Virtual and Augmented Reality
I am a senior software architect, specializing in Virtual and Augmented Reality. Here are a most of the devices I own.
These are headsets that I currently own and have on-hand.
Tethered PC Virtual Reality
- Samsung Odyssey+: Getting into the sweet spot of the lenses is a little difficult, but when you do, the visual clarity is excellent.
- HP Windows Mixed Reality Headset: I used to really love this headset, with the flip-up visor. I wish more headsets had this feature. The cable is a little short, and now that I have the Valve Index I primarily use that.
- HTC Vive: My standard Vive is equipped with the Deluxe Audio Strap and the TPCAST Wireless Adapater. I also have two Vive Trackers with hand straps. I don't really use it anymore.
- HTC Vive Pro Eye: I'm interested in playing with the eye tracking.
- Valve Index: worth every penny.
- Pimax 5K Plus: a huge disappointment. The internal displays have a red tint to them and there is a lot of weird, bright, red static in the image. The lenses are super distorted. It kind of feels like one bump will make the whole thing fall apart. And the company is really bad at support. I had to reverse my credit card charge after two months of waiting on my shipment (post-shipment notification). They got me a different one really quick after that! Should have just told them to not bother.
- Oculus Rift S: Very similar to the Samsung Odyssey+, but with a much wider lens sweet spot. It's comfortable, especially when I'm using it seated at my desk. Still, Facebook...
- Oculus Rift CV1: I don't really like this headset. I think it was a lackluster release from a company that hyped it up way too much. At the time it came out, I bought an HTC Vive instead. But I now have a Rift CV1 to round out the library.
- Oculus Rift DK2: I still have my first "real" VR headset.
- Oculus Rift DK1: I don't really know why I have this.
Mobile Virtual Reality
- Oculus Quest: I end up using this headset a lot because the setup is so easy. Untethered plus boundless tracking is quickly becoming min-spec, in my mind.
- Oculus Quest: The Snapdragon 835 processor is getting pretty old, and you can see it in the games. Even though the display resolution is the same as most desktop systems, the lack of graphics budget for anti-aliasing and other graphics features makes the visuals a LOT worse.
- Oculus Go: Mostly a relic now.
- Samsung Gear VR: I have a SM-R324 version, with the motion controller, of the Gear VR (the last white version they distrubeted) with a Samsung Galaxy S8 to run in it. This was the first mobile VR headset I used on a regular basis, and even bought my father one for his phone.
- Lenovo Mirage Solo: I wish this headset had delayed to include the 6DOF controllers. It's an excellent headset, and I enjoy working in the Daydream ecosystem. I'm pissed off at Google for killing Daydream. I kind of feel like Lenovo went out on a limb to make a headset to-spec and then Google did nothing to back it up, letting it all die on the vine.
- Google Pixel 6: I have a Google Pixel 6 for ARCore projects. It is my daily-driver phone.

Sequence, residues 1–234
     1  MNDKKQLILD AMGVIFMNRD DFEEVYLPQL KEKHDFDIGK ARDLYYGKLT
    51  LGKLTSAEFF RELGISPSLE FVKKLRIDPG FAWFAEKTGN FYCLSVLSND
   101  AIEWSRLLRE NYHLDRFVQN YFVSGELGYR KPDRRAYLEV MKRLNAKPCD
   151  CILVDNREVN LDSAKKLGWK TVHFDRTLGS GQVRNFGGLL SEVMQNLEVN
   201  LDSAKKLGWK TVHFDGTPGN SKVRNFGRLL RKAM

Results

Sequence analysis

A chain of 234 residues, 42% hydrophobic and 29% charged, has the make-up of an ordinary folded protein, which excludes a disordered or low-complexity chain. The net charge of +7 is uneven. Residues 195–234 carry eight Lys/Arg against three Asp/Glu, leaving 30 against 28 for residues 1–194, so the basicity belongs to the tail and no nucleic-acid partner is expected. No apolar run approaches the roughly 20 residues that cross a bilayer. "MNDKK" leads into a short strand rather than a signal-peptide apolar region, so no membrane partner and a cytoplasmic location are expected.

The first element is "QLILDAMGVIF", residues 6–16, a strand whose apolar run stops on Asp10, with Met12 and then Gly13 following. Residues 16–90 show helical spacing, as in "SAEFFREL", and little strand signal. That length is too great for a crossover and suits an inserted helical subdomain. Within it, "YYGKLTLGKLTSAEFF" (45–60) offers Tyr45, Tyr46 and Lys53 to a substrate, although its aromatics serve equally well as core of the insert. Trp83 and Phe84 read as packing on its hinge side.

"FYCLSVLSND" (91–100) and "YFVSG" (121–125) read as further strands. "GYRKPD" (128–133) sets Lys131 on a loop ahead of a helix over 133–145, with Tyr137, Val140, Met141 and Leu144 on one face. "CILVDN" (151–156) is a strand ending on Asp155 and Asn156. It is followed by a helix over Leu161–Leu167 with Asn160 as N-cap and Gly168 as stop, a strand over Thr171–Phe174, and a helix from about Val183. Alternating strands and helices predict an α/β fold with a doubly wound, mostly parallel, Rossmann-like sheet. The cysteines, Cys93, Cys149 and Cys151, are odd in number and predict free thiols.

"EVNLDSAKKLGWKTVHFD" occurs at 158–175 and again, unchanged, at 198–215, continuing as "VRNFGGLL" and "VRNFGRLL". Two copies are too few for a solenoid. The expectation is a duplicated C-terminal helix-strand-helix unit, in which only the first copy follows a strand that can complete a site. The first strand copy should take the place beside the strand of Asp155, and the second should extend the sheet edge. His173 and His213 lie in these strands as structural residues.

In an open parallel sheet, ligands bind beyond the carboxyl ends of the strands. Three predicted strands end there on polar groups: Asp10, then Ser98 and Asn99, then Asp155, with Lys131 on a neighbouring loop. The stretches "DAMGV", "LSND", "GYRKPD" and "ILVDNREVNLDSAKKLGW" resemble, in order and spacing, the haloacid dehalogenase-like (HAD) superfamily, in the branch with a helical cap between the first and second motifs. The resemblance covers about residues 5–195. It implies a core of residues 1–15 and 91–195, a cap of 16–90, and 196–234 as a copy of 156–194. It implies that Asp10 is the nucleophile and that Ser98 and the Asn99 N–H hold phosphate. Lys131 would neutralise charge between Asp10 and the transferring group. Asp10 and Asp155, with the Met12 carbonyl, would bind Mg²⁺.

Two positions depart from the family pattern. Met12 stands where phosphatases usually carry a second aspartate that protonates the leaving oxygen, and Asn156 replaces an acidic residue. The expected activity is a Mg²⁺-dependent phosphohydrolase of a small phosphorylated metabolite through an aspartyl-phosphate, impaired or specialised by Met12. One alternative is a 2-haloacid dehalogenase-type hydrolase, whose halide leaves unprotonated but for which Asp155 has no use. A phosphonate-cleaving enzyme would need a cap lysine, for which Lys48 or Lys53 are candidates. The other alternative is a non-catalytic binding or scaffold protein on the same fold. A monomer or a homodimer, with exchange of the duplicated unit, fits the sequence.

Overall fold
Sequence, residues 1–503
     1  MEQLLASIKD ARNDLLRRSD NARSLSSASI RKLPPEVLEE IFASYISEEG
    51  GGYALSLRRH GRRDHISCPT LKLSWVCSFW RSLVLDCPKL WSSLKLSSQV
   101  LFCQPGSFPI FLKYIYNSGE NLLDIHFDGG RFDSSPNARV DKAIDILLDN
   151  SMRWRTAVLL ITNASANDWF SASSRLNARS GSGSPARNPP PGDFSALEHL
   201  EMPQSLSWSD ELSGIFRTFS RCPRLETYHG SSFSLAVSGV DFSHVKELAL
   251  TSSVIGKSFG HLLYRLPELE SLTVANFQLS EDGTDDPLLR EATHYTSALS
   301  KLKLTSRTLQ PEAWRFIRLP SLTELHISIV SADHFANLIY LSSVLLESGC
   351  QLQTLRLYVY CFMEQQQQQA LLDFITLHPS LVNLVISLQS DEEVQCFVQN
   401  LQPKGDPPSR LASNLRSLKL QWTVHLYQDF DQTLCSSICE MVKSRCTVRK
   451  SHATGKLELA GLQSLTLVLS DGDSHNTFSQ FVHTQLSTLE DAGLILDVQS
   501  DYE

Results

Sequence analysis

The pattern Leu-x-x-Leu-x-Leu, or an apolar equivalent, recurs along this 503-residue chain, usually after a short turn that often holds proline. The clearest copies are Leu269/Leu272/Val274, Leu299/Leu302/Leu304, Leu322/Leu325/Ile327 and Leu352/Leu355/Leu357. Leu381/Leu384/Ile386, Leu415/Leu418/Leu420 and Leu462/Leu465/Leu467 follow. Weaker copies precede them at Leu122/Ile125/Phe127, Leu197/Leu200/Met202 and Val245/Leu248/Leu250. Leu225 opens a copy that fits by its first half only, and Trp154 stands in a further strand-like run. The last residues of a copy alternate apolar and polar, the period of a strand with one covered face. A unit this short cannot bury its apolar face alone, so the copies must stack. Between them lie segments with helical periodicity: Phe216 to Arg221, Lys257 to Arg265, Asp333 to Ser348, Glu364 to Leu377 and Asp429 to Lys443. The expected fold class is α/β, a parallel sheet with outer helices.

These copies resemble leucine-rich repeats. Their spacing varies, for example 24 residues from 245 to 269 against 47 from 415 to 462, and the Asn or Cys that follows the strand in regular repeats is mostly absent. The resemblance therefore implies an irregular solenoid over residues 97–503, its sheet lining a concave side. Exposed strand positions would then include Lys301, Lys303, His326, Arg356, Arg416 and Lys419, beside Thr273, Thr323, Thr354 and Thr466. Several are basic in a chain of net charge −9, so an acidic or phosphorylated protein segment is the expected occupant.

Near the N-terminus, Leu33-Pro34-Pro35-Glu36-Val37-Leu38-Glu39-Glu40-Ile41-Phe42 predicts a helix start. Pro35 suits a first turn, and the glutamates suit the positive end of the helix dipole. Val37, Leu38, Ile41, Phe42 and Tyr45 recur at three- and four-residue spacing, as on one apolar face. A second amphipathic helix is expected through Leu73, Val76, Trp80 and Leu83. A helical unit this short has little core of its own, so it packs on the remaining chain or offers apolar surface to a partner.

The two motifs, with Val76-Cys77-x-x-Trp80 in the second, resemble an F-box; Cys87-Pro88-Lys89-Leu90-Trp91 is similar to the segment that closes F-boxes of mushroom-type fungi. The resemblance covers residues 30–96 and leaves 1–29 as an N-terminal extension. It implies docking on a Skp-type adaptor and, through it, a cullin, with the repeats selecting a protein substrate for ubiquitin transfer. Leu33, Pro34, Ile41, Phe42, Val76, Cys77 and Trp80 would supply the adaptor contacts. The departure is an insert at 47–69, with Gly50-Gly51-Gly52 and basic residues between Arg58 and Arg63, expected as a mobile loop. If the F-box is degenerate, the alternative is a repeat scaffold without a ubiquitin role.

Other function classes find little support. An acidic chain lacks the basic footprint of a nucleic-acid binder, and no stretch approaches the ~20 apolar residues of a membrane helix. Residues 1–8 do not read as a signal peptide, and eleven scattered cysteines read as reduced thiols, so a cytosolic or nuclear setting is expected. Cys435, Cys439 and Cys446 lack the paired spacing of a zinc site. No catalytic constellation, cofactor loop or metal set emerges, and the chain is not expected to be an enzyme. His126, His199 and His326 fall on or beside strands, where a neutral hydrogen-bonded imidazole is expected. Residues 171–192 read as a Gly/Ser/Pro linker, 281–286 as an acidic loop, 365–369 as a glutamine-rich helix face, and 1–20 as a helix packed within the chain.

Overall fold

- Google Daydream: I have a Daydream View 2 with a Google Pixel 2 smartphone. The smartphone is my daily-driver. I have two standard 3DOF controllers for it. I'm *still* pissed off at Google for killing Daydream.
- Vive Focus: I haven't used it in over a year. It's ok, I guess. Not very comfortable. Programming for it is a mess. The store is anemic. Might be good for corporate environments that don't want to interface with Facebook to get control over application deployments.
- Google Cardboard: I easily have a dozen different "dumb" slot-in-smartphone headsets, both purchased and of my own creation.
- Pico Neo DK I have a Pico Neo dev-kit, which is a 3DOF headset with a gamepad controlller. It's interesting from a historical perspective.
- Microsoft HoloLens 2: Much more comfortable than the first one, with much better performance, though the graphical artifacts in the waveguide displays are quite distracting.
- Microsoft HoloLens 1: The device is starting to get a bit long-in-the-tooth, but I also think its capabilities have yet to be fully tapped in any extant applications. It's old (tech is at least 5 years old), and it's limited, but there isn't anything fundamentally broken in it, unlike the Magic Leap
- Apple iPad (2017) 9.7": This is the current model of regular iPad, as of this writing. It comes with the A10 chipset, which is compatible with ARKit.
- Tile Five: I was a KickStarter backer for this really interesting set of glasses that couple with a target tracking pad.
- Intel RealSense T265: This is the most recent tracking module that Intel offers in the RealSense line.
- Intel RealSense D435i: This is the most recent 3D mapping module that Intel offers in the RealSense line.
- NeuroSky MindWave: This is a brainwave sensing device that gives applications a sense of the level of concentration a user is applying to a task, or their level of calmness/anxiety. It's relatively inexpensive and really easy to use, so I'm investigating using it as a means of controlling parameters in selection systems, either to making picking of small objects easier/more precise, or scaling back difficulty level during periods of high anxiety.
- Leap Motion: I have one of the Leap Motion PC Developer Kits, with various mounts I've designed with Sugru for better hand tracking when attached to a VR headset.
- Azure Kinect DK: Depth+RGB camera data, though the package is significantly bigger than the Intel RealSense cameras (even if you combine the T265 and D435i into one box to have similar functionality).
- Kinect for Xbox One: I have the V2 Kinect, with the necessary cables for attaching to a PC instead of an Xbox One.
- Microsoft Kinect for Windows: I have the V1 Kinect, with the necessary cables for attaching to a PC instead of an Xbox 360.